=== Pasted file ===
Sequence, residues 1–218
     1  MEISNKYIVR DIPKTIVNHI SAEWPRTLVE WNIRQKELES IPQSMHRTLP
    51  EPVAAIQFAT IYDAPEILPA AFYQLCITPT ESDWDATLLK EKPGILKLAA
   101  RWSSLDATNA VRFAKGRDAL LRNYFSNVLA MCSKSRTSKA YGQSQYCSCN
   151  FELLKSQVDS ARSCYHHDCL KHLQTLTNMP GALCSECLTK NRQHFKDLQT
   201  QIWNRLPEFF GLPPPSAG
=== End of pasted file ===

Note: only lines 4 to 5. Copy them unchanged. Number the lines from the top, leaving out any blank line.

   101  RWSSLDATNA VRFAKGRDAL LRNYFSNVLA MCSKSRTSKA YGQSQYCSCN
   151  FELLKSQVDS ARSCYHHDCL KHLQTLTNMP GALCSECLTK NRQHFKDLQT